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Feres v. United States: An Argument for Overturning the Long-Standing Doctrine

By: Katelyn Davis

Disclaimer: The views expressed in this blog post are those of the author and do not necessarily reflect the views of the United States Department of Justice, the United States Federal Government, or any Authorized Representative thereof.

March 9, 2014 was scheduled to be a happy, momentous occasion for the Daniel family. Lieutenant Rebekah Daniel was taken to Naval Hospital Bremerton in Washington state to give birth to her baby girl, Victoria. However, shortly after giving birth to Victoria, Lt. Daniel began to bleed profusely. Within a few hours, Lt. Daniel died after hemorrhaging approximately 1.5 liters of blood. On October 15, 2015, Lt. Daniel’s husband, Walter Daniel, filed suit in the U.S. District Court for the Western District of Washington against the United States on the basis of medical malpractice. In ruling against Daniel, the district court cited the Supreme Court case Feres v. United States, concluding: “‘[U]nless and until Congress or the Supreme Court choose to confine the unfairness and irrationality that Feres has bred,’…the doctrine applies here.” Unfortunately this regret is commonplace. Whether it be medical negligence claims, wrongful death suits, sexual assault charges, or damages stemming from other gross negligence, those with military ties have little-to-no chance of winning any tort claim with Feres intact. Even if their injuries were sustained in arguably negligent and exceptional circumstances, servicemembers are likely to lose civil suits as long as the incident can somehow be attributed “incident to their service.”

What is Feres? Why is it still in place? And why is it so difficult to overturn? Rethinking Feres, written by Andrew Popper and published by Boston College Law Review, aims to explore those questions.

As Rethinking Feres notes, Feres v. United States is a 1950 U.S. Supreme Court decision that held that the United States, under the Federal Tort Claims Act (“FTCA”), was not liable for any  injuries to servicemembers that occurred in the course of any activity incident to military service. Although countless suits have been brought forth challenging or even seeking to limit the scope of Feres, the decision remains in place. Courts have often justified these decisions as attempts to uphold the chain-of-command, discipline, and rigorous training traditions of the U.S. military, implying that these attributes would be threatened by the potential for private civil suit.  The U.S. Department of Defense fully supports the judicial system’s upholding of the Feres doctrine, claiming that overturning the ruling would “destroy the premise” of workers’ compensation, and “create an unsustainable inequity” within the military between those who could sue and those who were barred from suit. More broadly, the Department of Defense claims that overturning the Feres doctrine would “compromise…[the] effectiveness” of the military and its health systems, training programs, etc.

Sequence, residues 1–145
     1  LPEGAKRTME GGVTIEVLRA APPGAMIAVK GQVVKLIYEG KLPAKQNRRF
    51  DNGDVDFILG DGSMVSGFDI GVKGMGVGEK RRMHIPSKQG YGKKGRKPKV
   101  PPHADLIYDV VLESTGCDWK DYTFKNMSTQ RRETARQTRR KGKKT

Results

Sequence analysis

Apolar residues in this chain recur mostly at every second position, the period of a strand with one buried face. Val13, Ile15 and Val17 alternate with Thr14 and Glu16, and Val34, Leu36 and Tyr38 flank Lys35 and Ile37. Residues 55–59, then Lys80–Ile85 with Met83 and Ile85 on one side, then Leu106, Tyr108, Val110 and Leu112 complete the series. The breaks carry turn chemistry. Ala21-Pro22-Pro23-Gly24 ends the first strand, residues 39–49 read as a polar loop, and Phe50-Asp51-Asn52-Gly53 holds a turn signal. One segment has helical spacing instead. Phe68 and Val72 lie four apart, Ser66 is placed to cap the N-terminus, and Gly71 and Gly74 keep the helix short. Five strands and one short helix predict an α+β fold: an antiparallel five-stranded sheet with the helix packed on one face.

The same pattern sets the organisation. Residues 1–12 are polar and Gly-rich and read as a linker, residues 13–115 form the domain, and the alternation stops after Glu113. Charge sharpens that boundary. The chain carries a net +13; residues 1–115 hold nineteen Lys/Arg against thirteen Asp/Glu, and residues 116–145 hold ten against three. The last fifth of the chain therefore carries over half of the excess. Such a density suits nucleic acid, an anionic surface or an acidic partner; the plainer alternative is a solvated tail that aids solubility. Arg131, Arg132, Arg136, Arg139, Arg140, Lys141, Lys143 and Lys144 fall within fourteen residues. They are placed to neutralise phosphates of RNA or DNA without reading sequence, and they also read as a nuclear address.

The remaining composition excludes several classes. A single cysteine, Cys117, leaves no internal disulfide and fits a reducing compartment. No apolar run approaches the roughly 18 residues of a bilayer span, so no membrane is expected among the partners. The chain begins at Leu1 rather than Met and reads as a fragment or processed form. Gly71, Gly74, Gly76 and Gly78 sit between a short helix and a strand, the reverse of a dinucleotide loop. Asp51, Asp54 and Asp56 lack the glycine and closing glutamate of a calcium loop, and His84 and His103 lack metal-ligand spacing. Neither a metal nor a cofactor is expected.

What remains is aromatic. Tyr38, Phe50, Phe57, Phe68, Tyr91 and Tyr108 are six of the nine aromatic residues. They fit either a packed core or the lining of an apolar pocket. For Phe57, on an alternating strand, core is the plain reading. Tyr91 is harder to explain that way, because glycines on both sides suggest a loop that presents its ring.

However, many of these claims appear to be unfounded. In analyzing the precedent both before and since the Supreme Court’s decision in Feres, Rethinking Feres notes that U.S. servicemembers have experienced epidemics of sexual assault, medical negligence, and physical abuse, but lack the remedies and deterrent effects traditionally afforded by tort law. Consequently, it is unsurprising that members of the U.S. Supreme Court, including Justice Thomas and the late Justice Scalia, have claimed that the case was wrongly decided, implying that Feres deserves additional review.

But what if Feres is overturned? Will military members finally be able to recover in civil suits? Until the FTCA is amended, likely not. As Rethinking Feres mentions, a simple overruling without any changes to the FTCA would cause an “unpredictable and discordant exposure to tort liability under the FTCA as well as a continuation of irrational limitations on liability due to the multiple exceptions in the FTCA.” Thus, the FTCA should be amended to preclude liability only if the injury alleged is attributable to or caused by an “essential component of military service.”

This amendment respects the military’s interest in maintaining current workers’ compensation boundaries and avoiding liability for reasonably foreseeable service-related mishaps while enabling servicemembers to recover in other circumstances.  For additional clarity, Congress could provide a non-exclusive list of examples of the types of occurrences that are specifically excluded from the discretionary function exception in the FTCA, such as sexual assault, rape, extreme physical violence/torture, clear and gross medical malpractice, driving under the influence, and hate-based crimes. By doing so, Congress will allow victims to pursue their claims in Article III courts, while continuously upholding the chain-of-command, discipline, and rigorous training that separates the U.S. military from all other entities. And finally, after years of denial, pain, and continued suffering, those wearing the military uniform that have experienced gross and negligent circumstances can finally have access to the justice they swore to protect and uphold.


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